January 27, 2020 01:22 pm ETEstimated Read Time: 4 Minutes
When it comes to cannabis and international trade all transactions are governed by three core UN drug control treaties, and more generally by international trade and investment law. In addition to these UN treaties, the World Trade Organization (WTO) also governs cannabis trade. This includes all cannabis trade, whether recreational or medical. In Canada, the Cannabis Act (Act) governs the international trade of cannabis. A license issued by Health Canada is required to import and/or export cannabis, as well as correlating permits.
Canada was the first of the G20 countries to fully legalize cannabis in the summer of 2018. Since then, Canada has emerged as the dominant exporter in the blossoming global trade of cannabis. With all their provinces undergoing legalization simultaneously, the political support is there to enable Canada to continue to dominate the worldwide Cannabis market. This isn’t because they have the best buds in the world or because their the cheapest either.
While Canada Legalized, Expansion Remains Hampered in the US
Because of the Schedule 1 drug federal status in the US, it is illegal for cannabis to be sold internationally or even interstate. The current retail market for cannabis produced in legal US states is still limited to the confines of the producing state’s borders. The inconsistencies within the US, even between cannabis legal states, has the black market continuing to thrive instead of expanding legal sales and profits. While Oregon is the only legal state so far who has legislation (Senate Bill 582) on the books about transporting cannabis across state borders; cross-border transportation won’t be allowed until the US federal government permits it.
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An understandable restriction in OR Senate Bill 582 is that cross-state transportation would only be allowed between states that have legalized. Yet, the possibilities for tremendous growth from within the industry and the trickle-down economic stimulation if cannabis were federally legal in the US is almost incomprehensible. The employment opportunities of a commodity as profitable as cannabis has been proven in the already legal states. A reminder from Veriheal contributor Marcus Quoyeser, “…keep in mind that the true failure is drug policy in the United States.”
Canada Might be Dominating Cannabis But the US is Leading in Other Ways
Because cannabis grown in legal US states is tightly regulated for safety, we’ve become known for creating higher quality products. Underlying the U.S. Cannabis industry is sophistication and genetics; leading to better-quality and higher-potency flowers. In addition to some of the highest quality plant material, the US also is leading the way in cannabis product varieties.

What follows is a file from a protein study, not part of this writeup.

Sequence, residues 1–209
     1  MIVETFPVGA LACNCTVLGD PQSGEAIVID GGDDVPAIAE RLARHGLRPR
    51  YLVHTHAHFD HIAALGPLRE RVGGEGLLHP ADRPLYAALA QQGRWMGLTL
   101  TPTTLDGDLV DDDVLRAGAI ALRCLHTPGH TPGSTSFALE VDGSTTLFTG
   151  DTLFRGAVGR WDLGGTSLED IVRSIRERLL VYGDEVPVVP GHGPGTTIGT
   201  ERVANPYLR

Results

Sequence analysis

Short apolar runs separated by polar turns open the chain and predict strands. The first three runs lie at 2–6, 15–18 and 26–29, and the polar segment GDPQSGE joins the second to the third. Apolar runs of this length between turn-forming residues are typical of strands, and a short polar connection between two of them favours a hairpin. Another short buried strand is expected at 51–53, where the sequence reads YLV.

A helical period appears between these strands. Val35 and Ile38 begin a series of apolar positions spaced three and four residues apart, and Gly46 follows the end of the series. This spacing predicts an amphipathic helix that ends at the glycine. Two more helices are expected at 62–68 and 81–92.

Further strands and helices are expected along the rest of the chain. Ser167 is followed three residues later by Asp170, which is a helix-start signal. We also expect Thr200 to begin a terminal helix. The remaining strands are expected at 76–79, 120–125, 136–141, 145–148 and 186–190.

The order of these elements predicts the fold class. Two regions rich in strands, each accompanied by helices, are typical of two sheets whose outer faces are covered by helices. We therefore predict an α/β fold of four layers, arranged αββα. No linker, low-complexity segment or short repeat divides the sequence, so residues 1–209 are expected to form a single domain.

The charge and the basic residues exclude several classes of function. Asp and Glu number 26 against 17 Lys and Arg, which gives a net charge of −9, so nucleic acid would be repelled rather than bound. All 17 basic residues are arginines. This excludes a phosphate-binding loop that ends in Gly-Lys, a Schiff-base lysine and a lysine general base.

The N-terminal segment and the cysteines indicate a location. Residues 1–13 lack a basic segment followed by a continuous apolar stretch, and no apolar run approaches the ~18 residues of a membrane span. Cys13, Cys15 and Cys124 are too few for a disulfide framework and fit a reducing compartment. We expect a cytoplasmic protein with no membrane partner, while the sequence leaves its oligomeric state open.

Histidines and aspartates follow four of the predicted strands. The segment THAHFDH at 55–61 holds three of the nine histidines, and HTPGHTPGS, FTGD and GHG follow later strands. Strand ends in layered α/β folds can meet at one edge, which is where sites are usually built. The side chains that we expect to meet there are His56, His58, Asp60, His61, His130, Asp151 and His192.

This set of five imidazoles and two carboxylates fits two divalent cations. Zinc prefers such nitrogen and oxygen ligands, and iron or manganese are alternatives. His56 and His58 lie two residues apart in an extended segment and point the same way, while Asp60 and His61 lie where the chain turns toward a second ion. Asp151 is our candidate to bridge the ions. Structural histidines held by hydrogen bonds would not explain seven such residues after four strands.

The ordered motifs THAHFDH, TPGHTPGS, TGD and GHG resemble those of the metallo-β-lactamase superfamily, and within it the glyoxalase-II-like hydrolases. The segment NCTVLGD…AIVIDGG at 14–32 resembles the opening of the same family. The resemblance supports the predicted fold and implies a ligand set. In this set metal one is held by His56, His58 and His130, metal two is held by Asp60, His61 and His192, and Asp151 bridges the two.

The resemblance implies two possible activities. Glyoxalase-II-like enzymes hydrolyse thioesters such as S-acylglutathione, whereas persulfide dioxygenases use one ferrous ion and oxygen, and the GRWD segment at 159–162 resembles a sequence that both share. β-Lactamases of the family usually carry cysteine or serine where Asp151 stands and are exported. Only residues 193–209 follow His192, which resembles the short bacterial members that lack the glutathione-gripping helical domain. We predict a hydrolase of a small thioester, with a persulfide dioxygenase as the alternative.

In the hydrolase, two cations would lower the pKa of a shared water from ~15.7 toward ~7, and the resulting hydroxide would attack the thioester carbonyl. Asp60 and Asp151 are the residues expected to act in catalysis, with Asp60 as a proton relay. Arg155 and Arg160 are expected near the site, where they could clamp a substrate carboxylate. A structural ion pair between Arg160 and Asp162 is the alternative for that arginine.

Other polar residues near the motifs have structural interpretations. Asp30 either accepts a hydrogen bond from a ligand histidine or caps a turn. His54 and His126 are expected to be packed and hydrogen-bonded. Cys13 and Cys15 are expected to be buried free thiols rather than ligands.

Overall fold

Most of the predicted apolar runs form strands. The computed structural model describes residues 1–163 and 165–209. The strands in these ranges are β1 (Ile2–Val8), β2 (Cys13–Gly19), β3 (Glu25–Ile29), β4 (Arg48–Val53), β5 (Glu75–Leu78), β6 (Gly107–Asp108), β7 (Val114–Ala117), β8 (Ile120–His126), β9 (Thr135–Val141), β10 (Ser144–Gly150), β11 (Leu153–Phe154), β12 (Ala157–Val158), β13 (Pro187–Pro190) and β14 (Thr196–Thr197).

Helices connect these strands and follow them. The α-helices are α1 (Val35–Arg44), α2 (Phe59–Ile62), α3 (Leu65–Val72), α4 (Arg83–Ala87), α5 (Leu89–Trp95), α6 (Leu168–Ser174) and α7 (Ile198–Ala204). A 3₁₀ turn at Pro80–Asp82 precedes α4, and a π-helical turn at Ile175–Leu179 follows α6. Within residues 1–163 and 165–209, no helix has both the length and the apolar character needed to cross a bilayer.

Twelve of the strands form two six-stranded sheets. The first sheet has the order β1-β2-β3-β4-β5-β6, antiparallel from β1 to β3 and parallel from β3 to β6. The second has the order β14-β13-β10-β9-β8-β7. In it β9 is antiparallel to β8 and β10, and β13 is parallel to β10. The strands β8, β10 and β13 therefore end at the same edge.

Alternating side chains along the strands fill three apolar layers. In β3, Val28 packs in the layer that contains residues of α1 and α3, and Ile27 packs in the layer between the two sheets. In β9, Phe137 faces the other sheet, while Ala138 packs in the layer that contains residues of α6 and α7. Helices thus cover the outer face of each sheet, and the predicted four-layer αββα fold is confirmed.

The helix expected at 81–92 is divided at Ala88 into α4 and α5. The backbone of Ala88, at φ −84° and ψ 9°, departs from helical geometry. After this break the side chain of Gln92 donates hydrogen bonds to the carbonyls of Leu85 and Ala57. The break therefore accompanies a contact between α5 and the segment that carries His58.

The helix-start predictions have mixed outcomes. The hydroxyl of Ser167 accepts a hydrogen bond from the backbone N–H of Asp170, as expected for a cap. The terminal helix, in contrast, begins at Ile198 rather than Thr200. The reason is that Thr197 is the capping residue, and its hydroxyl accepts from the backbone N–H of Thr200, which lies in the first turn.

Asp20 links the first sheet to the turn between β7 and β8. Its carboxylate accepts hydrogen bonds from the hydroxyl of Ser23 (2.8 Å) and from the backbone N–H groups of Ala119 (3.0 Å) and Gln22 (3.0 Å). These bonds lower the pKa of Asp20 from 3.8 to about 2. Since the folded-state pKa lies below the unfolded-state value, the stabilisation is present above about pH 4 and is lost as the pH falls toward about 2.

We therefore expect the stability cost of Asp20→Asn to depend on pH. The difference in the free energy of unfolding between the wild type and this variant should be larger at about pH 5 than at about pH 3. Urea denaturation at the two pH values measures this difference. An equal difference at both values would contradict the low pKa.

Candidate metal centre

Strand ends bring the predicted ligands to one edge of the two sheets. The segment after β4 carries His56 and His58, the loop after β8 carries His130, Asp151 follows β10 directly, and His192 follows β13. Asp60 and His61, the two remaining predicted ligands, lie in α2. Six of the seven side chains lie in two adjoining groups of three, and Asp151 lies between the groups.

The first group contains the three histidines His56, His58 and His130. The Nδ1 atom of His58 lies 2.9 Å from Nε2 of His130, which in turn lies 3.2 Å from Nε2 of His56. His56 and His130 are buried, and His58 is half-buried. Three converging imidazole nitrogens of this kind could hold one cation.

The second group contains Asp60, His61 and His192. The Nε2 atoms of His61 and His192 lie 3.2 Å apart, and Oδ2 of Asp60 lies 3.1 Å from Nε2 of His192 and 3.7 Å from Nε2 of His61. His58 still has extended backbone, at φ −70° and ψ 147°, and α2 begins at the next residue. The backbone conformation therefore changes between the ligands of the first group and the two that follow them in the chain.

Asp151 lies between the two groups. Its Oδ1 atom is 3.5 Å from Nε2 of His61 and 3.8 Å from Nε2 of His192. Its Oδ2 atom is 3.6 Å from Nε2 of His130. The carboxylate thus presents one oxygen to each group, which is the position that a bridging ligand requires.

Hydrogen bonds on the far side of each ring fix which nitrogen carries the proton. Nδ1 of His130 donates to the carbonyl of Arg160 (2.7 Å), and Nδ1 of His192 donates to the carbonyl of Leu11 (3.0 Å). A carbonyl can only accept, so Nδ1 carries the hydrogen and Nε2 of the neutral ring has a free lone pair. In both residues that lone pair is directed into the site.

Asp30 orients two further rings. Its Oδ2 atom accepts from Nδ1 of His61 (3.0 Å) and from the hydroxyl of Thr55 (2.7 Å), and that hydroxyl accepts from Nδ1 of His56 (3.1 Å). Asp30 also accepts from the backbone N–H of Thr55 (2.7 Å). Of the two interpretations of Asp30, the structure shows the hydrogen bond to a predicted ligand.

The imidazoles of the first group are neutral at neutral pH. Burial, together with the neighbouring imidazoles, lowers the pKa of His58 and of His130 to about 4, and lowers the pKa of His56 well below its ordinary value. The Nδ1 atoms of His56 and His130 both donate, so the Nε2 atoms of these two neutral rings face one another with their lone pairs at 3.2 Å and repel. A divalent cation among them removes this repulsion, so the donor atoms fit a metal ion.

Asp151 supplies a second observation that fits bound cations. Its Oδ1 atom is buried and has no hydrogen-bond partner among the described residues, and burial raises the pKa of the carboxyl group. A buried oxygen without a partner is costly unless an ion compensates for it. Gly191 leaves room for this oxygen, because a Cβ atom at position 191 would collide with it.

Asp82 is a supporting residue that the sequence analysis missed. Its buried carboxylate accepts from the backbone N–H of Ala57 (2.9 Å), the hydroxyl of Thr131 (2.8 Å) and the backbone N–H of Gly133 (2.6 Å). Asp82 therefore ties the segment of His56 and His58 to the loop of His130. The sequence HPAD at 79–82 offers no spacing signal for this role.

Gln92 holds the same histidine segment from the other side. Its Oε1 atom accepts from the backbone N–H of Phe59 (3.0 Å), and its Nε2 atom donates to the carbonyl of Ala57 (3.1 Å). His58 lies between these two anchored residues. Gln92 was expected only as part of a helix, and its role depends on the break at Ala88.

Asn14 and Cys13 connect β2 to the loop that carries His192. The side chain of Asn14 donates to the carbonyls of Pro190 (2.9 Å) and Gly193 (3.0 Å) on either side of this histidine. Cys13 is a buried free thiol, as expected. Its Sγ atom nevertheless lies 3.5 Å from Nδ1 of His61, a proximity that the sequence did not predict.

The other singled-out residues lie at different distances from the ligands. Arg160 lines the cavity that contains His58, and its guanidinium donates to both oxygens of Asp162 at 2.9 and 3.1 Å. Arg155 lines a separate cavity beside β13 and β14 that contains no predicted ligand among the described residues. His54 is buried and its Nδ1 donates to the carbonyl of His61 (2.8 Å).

With the endless sea of potential products, cannabis consumers in legal US states have access to various forms of consumption and delivery method. From flower to concentrates, edibles to tinctures, and topicals to beverages; the US leads the way in product selection. The majority of Canadian cannabis companies were not ready to launch what they are calling Cannabis 2.0. According to Marijuana Business Daily, The Ontario Cannabis Store (OCS) sold out of edibles within hours of initial availability on January 16, 2020. Topicals, concentrates, and beverages are still months away from hitting store shelves in Canada, yet nearly every dispensary in the US has a wide selection.
The Global Cannabis Marketplace
Recommendations from the Expert Committee on Drug Dependence (ECDD) of the World Health Organization (WHO) were presented to the United Nations Commission on Narcotic Drugs (CND) in January 2019. Mostly welcomed by the industry, the suggestion to remove cannabis from Schedule 4 of the 1961 Convention signals more acknowledgment of medicinal value than what the current scheduling suggests. Countries look to these global organizations when considering legalization. While the market currently remains semi-limited, at least 30 countries — including Mexico, Germany, and Italy — have legalized medical cannabis. The hopeful end result is an open global Cannabis market soon to come.
Natasha has worked as a journalist in the cannabis scene for several years. She travels regularly in her tiny house school bus conversion to keep up to date with the ever-changing industry. Her experience is varied and eclectic.
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